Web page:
This opinion will be unpublished and

may not be cited except as provided by

Minn. Stat. § 480A.08, subd. 3 (1998).







In Re the Marriage of:

Gloria A. Lehrer, petitioner,





Otto M. Lehrer III,



Filed May 30, 2000


Schumacher, Judge


Steele County District Court

File No. F798187



Bruce R. Mikeworth, 106 North Cedar Avenue, Owatonna, MN 55060 (for appellant)


Mark J. Rahrick, Chad A. Allen, Smith & Tollefson, 113 West Main Street, Post Office Box 271, Owatonna, MN 55060 (for respondent)



            Considered and decided by Anderson, Presiding Judge, Schumacher, Judge, and Peterson, Judge.

U N P U B L I S H E D   O P I N I O N


In this marital dissolution action, appellant Gloria A. Lehrer (wife) challenges the trial court's property division, maintenance award, and denial of attorney fees. We affirm.


            In February 1998, wife filed a petition for marital dissolution from respondent Otto M. Lehrer III (husband), seeking permanent maintenance, equitable property division, and legal fees.  After a three-day trial, the trial court issued the challenged dissolution judgment.

The parties were married on August 1, 1970, and separated in April 1997.  They reside in Owatonna, in Steele County.  They had two children, both of whom are now self-supporting adults.  During the marriage, husband worked as an auto mechanic, first for his father and then self-employed at Otto's Repair.  Since February 1998, husband has been working as a product specialist at Cabela's Retail, a sporting-goods store near Owatonna.

            During the marriage, wife was employed as a waitress and a day-care provider.  In the fall of 1996, wife worked as a temporary telephone operator.  Effective December 1, 1996, wife began receiving monthly social security disability benefits.  She also receives medical assistance.  She suffers from degenerative effects of diabetes and has undergone eye surgeries and extensive dialysis treatments such that her employment options are now extremely limited.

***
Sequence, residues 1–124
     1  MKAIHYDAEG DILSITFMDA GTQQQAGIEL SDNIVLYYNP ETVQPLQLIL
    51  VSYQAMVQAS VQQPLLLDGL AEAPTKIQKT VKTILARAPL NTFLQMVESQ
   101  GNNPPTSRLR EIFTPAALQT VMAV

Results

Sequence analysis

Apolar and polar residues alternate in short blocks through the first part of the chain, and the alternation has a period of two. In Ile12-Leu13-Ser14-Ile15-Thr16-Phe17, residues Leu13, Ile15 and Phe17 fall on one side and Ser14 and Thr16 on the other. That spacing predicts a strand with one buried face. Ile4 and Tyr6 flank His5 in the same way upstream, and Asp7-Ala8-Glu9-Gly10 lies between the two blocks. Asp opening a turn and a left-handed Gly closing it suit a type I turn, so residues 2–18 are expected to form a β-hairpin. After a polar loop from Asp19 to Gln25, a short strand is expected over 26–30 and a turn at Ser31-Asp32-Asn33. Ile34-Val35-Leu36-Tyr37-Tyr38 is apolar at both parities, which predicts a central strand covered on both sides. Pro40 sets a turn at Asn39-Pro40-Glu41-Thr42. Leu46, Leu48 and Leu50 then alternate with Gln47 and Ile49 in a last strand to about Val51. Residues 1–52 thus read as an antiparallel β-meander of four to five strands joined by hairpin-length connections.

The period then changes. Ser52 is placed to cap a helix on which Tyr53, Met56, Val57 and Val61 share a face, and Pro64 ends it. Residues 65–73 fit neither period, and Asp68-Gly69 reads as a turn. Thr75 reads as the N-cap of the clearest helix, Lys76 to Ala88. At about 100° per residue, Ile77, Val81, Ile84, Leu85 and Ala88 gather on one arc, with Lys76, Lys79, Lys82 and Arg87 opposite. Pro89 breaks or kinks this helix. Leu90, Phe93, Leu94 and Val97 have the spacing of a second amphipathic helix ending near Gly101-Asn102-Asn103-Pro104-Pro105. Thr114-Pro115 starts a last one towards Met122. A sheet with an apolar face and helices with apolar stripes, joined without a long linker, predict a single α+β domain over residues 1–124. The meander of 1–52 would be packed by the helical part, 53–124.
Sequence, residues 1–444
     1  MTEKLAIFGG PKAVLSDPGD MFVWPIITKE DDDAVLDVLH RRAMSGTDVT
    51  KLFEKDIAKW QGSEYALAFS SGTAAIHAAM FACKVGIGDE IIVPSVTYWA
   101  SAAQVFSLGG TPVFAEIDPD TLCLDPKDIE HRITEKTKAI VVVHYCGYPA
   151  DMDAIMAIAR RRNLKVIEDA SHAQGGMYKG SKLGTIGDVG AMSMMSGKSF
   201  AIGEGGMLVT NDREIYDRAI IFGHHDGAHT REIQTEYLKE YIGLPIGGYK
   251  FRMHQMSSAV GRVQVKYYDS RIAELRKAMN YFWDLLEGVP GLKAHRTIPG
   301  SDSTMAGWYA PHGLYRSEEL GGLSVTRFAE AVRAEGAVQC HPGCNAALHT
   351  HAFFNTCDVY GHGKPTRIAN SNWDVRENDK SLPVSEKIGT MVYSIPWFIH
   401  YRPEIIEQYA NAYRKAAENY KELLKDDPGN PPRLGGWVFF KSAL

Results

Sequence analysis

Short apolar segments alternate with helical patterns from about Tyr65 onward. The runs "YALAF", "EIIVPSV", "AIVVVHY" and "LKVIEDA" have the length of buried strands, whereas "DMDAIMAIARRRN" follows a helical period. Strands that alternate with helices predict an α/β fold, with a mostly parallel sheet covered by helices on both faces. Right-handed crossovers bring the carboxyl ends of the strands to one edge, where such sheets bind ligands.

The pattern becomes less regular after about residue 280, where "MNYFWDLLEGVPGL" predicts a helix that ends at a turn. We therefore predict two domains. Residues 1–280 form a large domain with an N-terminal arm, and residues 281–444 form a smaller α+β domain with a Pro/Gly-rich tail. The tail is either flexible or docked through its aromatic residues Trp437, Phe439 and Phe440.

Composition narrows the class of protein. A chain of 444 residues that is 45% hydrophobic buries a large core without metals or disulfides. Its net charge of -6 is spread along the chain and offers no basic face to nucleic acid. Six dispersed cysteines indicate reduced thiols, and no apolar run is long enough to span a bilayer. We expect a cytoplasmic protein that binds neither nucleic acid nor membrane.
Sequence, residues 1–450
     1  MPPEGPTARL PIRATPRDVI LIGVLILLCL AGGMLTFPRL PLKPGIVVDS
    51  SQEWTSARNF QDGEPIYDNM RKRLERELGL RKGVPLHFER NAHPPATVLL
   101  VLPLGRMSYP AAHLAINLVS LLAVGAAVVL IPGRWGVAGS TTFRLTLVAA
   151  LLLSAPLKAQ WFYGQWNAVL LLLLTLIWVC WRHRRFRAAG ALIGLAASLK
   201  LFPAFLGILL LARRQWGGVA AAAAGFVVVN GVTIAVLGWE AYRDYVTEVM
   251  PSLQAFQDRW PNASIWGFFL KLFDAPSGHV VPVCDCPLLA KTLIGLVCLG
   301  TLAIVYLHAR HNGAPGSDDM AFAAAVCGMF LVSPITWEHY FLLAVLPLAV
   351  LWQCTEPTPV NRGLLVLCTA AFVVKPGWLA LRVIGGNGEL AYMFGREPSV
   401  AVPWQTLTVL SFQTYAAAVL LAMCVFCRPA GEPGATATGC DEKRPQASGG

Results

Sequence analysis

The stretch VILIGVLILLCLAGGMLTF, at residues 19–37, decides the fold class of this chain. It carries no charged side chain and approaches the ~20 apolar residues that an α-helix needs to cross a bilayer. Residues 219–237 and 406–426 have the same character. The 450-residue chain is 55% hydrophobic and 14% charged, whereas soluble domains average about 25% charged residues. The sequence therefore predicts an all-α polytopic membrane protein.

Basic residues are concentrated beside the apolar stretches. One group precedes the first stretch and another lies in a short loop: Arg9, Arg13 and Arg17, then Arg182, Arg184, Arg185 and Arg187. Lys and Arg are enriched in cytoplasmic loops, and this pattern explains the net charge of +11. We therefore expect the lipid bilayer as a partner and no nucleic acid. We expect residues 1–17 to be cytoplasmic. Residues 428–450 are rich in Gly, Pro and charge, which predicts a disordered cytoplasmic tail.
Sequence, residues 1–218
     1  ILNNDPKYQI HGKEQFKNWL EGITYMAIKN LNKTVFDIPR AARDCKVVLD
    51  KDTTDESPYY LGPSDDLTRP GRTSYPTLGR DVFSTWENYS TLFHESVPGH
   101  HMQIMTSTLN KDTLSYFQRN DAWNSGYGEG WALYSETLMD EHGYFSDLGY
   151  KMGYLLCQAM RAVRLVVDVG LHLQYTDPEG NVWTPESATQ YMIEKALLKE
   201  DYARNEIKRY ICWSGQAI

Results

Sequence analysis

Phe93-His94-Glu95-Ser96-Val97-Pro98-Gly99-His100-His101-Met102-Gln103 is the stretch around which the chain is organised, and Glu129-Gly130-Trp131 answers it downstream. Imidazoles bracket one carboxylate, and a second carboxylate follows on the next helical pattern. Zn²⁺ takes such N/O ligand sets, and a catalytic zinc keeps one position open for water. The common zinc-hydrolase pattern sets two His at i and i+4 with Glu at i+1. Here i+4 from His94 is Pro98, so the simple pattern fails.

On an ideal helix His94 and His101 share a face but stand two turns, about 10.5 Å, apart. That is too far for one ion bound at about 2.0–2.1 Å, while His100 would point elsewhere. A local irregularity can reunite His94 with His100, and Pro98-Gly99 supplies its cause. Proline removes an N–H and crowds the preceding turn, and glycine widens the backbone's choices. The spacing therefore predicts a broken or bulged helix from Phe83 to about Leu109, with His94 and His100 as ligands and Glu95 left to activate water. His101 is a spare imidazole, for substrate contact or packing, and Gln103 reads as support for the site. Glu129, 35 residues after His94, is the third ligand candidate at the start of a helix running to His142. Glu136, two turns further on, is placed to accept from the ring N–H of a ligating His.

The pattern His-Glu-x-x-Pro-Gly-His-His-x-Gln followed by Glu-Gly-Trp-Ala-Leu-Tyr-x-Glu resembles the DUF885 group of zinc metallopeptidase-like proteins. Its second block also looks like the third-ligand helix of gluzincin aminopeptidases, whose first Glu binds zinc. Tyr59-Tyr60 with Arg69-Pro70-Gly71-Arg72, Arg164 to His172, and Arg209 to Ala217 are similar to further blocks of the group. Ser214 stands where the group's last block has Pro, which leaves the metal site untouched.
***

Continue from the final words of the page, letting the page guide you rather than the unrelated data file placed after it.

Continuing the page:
Both parties have comparable educational backgrounds consisting of high school.  Wife has declared bankruptcy within the last five years as a result of her gambling debts.  Their only substantial asset was their home, which they sold on March 5, 1999, to their daughter and son-in-law.  Out of the proceeds of the home, the trial court awarded husband $14,507.60 and wife $20,034.02.

            In May 1997, after separation but before the dissolution filing, wife wrote seven bad checks to several casinos, for a total of $3,750.  Xact! Recovery and Verification, on behalf of the casinos, brought a collection action against wife.  The trial court found that this debt was incurred by wife after separation without any intentional act of husband and was wife's nonmarital responsibility.  Accordingly, the trial court assigned this debt "existing at the time of the pre-trial" to wife.  The trial court assigned credit card debts "existing at the time of the pre-trial" to husband.

            The parties owned a 1986 Ford F150 4 x 4 truck, which husband kept in "very good shape."  Husband testified that a loan officer had told him that the truck had a "book value" of $3,500.  The truck had a special fiberglass molded "topper," but that did not make a difference to the loan officer.  The trial court found that the truck was valued at $3,500 and awarded it to husband.

            Husband moved out of the house in April 1997.  Wife stayed in the house until February 1, 1999.  Wife left some items in the house that she thought would go to their children.  Wife thought the washer and dining table would go to the daughter and the freezer to the son.  The trial court awarded wife "all tangible items of personal property now in her possession," including a dining set and hutch, a washer and dryer, a freezer, a TV, and bedroom sets.  A trial exhibit listed items left in the home versus property in her possession.

            The trial court found husband's net monthly income to be $1,554.34 and his reasonable monthly living expenses to be $1,239.59.  The court noted:

Respondent's monthly expenses are reduced due to contributions made by Respondent's roommate.  There is no assurance that these contributions will continue.  The Court further notes that Respondent incurs greater expenses than Petitioner for clothing, transportation, and recreation due to his job requirements.  These work-related expenses are reasonable.


 Sometime after separation, husband moved in with roommate Pam Arnold and her two daughters.  At trial, Arnold testified that husband paid the $465 monthly rent, but that she paid for the utilities, telephone, and cable TV.

            Wife had claimed monthly expenses of $1,312 and sought a maintenance award of $600.  The trial court found wife's reasonable monthly living expenses to be $991.  The trial court stated: